DeepSec 2017 Talk: XFLTReaT: A New Dimension In Tunnelling – Balazs Bucsay
“Our new tool XFLTReaT is an open-source tunnelling framework that handles all the boring stuff and gives users the capability to take care of only the things that matter”, says Balazs. “It provides significant improvements over existing tools. From now on there is no need to write a new tunnel for each and every protocol or to deal with interfaces and routing. Any protocol can be converted to a module, which works in a plug-and-play fashion; authentication and encryption can be configured and customised on all traffic, and it is also worth mentioning that the framework was designed to be easy to configure, use and develop.”
We asked Balazs Bucsay a couple more questions about his talk:
Please tell us the top 5 facts about your talk.
- Tunnelling is not new at all, but this framework is and it unites all the techniques into one.
- The talk includes some low level information as well, it can be easily understood because it will start with the basics and build upon that.
- Live demos will be presented and it will be revealed how easy it is to use the framework and to create working tunnels by selecting the appropriate protocol.
- I will give recommendations for both red and blue teams. Both teams can use the tool to discover and exploit vulnerabilities and misconfigurations on the network. The blue teams can try to detect the hidden data flow, red teams can tunnel connections and exfiltrate data with the framework.
- This framework is awesome.
How did you come up with it? Was there something like an initial spark that set your mind on creating this talk?
I was in this situation so many times before where I needed unfiltered Internet access on a (filtered) network or just a reliable channel to exfiltrate data as a proof for the client. Unfortunately there were no proper solutions for this, or different tools had to be used. I got bored with this situation and started to play with the thought that there might be a way this could be modelled and coded into a framework. As of now, my original idea seems to be working and the same basic approach works with all the protocols, a module can be created just for tunnelling and all the other stuff is handled by the framework.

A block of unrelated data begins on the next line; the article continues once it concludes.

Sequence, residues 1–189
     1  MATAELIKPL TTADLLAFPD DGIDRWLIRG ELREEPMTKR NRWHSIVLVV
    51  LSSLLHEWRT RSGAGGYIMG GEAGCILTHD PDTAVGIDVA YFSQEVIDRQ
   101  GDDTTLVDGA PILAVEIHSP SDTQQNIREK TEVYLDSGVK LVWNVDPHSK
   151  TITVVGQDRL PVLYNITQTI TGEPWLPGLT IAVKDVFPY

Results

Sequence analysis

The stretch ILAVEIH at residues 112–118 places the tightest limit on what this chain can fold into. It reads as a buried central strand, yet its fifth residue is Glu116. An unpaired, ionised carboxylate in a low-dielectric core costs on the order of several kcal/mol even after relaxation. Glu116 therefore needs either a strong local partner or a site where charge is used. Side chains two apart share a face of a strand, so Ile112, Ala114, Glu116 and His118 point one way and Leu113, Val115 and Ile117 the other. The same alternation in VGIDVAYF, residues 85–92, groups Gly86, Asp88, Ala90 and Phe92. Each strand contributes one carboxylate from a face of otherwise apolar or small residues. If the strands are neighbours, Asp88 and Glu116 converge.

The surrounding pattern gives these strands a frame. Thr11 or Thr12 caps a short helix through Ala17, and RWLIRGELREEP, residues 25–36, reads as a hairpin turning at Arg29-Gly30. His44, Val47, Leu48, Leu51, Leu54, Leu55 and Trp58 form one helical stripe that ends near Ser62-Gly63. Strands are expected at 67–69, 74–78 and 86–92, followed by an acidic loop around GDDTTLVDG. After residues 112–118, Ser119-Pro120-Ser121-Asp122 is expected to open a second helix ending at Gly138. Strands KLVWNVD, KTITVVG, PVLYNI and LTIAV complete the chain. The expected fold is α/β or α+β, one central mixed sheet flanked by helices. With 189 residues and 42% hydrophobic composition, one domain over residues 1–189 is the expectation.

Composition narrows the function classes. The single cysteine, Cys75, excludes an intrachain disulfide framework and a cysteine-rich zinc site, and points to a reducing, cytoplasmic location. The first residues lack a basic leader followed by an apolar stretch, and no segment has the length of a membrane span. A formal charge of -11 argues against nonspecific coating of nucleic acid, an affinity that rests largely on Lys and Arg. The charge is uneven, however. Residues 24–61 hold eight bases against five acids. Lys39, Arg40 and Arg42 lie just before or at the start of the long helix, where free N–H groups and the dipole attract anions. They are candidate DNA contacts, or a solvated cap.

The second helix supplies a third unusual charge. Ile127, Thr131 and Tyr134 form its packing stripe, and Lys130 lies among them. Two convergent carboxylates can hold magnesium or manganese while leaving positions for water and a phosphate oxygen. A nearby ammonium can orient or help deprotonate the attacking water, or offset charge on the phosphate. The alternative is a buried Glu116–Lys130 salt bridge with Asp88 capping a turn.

Why do you think this is an important topic?
I rather think that this part of IT-Security had to be fixed. If you take a look at the conferences, talks, researches etc., they always try to find new things, new ways to bypass protections or to exploit vulnerabilities but not many people try to improve existing topics. I do not always agree with that approach. I think it is more important to create stable baselines and do research with those rather than creating useless Proof of Concepts. Tunnelling is certainly not a new thing, but have you ever tried to do tunnelling over several protocols? Or use a transport protocol, which is not a typical one? I can tell you, it was a pain and I think I helped on this, now it is a bit easier than it was, and this is what matters to me.
Is there something you want everybody to know – some good advice for our readers maybe?
Do not come to my talk. Just kiddin’. I am Hungarian, I can be bribed with beers, club mate and/or good chats. Come and see me, have your questions and hopefully your answers, join the development, make requests and create issues on Github.
A prediction for the future – what do you think will be the next innovations or future downfalls when it comes to particularly your field of expertise / the topic of your talk?
The world gets more and more digitalised, there will be more breaches all around. We already got used to it and I do not think this will change in a good way. The only thing that we can do is that we try to take care of our own little sweepings to make sure we are not the ones who get breached.
Balazs Bucsay (@xoreipeip) is a Senior Security Consultant at NCC Group in the United Kingdom who does research and penetration testing for various companies. He has presented at many conferences around the world including Honolulu, Atlanta, London, Oslo, Moscow, and Vienna on multiple advanced topics relating to the Linux kernel, NFC and Windows security. Moreover he has multiple certifications (OSCE, OSCP, OSWP, GIAC GPEN) related to penetration testing, exploit writing and other low-level topics; and has degrees in Mathematics and Computer Science. Balazs thinks that sharing knowledge is one of the most important things in life, so he always shares his experience and knowledge with his colleagues and friends. Because of his passion for technology, he starts his second shift in the evenings, right after work, to do further research.